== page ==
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I use Streaming Replication,and Replication works normally. Two servers are HA and PostgreSQL DB is replicated. The data in the DB is about 40G. When a failover occurs, the slave is successfully promoted to master, master becomes slave, and tries to replicate new master data. But, It takes a long time to replicate data from the new master server. (using pg_rewind / success / 38G - 6minutes).

Please let me know if there are other ways to save time.

This is the command I ran:

pg_rewind --target-pgdata="targetdir" --source-server="sourceserver"

This is the output:

connected to server
servers diverged at WAL position 35/DD0D2260 on timeline 37
rewinding from last common checkpoint at 35/DC4E94F8 on timeline 37
reading source file list
reading target file list
reading WAL in target
need to copy 39193 MB (total source directory size is 77268 MB)
698400/40134372 kB (1%) copied
  • What is your setting of checkpoint_timeout and max_wal_size? – Laurenz Albe Jan 7 at 7:43
  • The settings are currently commented out. Should I uncomment? #checkpoint_timeout = 5min #max_wal_size = 1GB #min_wal_size = 80MB – youngwoongcha Jan 7 at 8:27
  • No, these settings should be fine for fast pg_rewind. – Laurenz Albe Jan 7 at 8:45
  • Thank you for your support. pg_rewind ran successfully and immediately found the wal file of the checkpoint. But it takes a long time to copy the whole file into the postgresql folder. This seems to be a structural problem in pg_rewind. Please let me know if you have any other comments or if you have a way to shorten the time to failover situation. – youngwoongcha Jan 7 at 9:13
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pg_rewind connects to the new master and locates the latest checkpoint it shares with the old master. Then it examines local WAL to find all blocks that have been modified since and copies these blocks from the new master.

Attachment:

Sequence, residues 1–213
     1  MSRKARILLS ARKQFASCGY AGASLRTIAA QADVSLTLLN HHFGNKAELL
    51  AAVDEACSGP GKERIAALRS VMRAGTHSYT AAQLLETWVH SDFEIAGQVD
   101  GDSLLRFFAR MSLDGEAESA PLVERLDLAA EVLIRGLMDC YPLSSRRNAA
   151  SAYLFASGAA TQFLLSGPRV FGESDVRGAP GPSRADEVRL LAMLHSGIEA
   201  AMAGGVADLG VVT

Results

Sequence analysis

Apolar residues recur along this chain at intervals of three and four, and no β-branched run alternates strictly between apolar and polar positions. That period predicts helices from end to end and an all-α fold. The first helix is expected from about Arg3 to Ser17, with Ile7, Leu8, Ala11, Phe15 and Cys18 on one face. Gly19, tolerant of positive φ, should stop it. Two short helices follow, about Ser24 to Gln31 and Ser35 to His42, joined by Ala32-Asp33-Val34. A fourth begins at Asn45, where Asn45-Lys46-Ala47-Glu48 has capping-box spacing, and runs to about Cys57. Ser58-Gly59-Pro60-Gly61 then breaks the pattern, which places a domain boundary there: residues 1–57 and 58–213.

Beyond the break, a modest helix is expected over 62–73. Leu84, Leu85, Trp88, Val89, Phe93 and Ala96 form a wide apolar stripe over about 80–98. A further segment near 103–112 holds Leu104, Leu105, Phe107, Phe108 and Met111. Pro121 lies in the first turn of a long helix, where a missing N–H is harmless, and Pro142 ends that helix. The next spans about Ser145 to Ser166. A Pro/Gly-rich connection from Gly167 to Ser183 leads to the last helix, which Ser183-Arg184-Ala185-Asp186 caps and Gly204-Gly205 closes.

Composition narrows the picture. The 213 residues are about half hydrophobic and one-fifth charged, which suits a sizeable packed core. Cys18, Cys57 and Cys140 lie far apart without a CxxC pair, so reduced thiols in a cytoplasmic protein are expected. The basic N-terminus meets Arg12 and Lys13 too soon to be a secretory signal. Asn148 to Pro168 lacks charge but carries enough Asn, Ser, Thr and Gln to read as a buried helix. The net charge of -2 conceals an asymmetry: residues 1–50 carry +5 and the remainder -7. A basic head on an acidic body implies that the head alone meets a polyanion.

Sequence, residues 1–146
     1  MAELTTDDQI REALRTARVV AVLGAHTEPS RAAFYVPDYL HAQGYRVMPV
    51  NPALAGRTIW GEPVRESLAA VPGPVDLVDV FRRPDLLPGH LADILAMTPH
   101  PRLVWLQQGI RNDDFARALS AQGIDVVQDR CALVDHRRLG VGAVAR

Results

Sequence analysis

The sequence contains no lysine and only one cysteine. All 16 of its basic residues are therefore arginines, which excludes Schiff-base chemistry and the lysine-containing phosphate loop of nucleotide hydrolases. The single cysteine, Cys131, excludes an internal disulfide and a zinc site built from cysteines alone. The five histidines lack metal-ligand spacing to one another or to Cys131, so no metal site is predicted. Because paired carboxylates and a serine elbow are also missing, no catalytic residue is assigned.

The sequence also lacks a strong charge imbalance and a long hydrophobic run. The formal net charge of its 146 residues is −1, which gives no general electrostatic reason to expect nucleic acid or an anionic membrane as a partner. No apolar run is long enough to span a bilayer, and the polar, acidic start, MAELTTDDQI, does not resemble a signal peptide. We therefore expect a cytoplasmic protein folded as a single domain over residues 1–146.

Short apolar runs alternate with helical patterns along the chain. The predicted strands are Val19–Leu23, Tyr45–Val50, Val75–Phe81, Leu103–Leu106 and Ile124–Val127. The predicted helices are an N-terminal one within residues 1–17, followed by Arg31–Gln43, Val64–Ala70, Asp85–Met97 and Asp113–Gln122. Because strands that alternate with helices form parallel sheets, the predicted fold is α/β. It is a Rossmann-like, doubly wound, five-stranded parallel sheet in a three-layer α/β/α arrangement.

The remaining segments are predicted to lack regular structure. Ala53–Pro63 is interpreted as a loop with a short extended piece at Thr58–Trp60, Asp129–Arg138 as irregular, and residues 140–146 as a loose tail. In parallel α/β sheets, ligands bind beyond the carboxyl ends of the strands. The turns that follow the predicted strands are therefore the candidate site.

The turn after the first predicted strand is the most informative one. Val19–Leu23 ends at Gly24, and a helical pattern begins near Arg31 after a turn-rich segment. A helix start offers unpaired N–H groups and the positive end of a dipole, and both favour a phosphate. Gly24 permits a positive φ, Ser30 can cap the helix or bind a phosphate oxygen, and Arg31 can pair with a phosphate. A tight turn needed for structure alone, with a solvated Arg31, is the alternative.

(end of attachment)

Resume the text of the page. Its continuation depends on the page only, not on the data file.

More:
So the procedure is slow if

  • promotion happened a long time ago, so pg_rewind has to dig through many WAL files

or

  • many blocks have changed since the promotion

From the output of pg_rewind it becomes obvious that half of the blocks in the database cluster have been modified since the slave was promoted. So the problem is that you waited too long after promotion. Immediately after failover, pg_rewind would be much faster.

  • When pg_rewind is run immediately after a failover, this log is shown."source and target cluster are on the same timeline // no rewind required" – youngwoongcha Jan 9 at 0:44
  • That's the best of all possible outcomes. You always run pg_rewind; sometimes there is nothing to do, sometimes a few transactions are rewound. Looks like the question is answered. – Laurenz Albe Jan 9 at 9:02
  • Yes. It seems that pg_rewind did not execute correctly. However, there is no replication in this situation. Something seems to be out of sync. This link seems to be the same situation as me. "github.com/vmware/pg_rewind/issues/4" Anyway, in the end, it seems that many blocks have changed to recover the entire file. – youngwoongcha Jan 10 at 0:39

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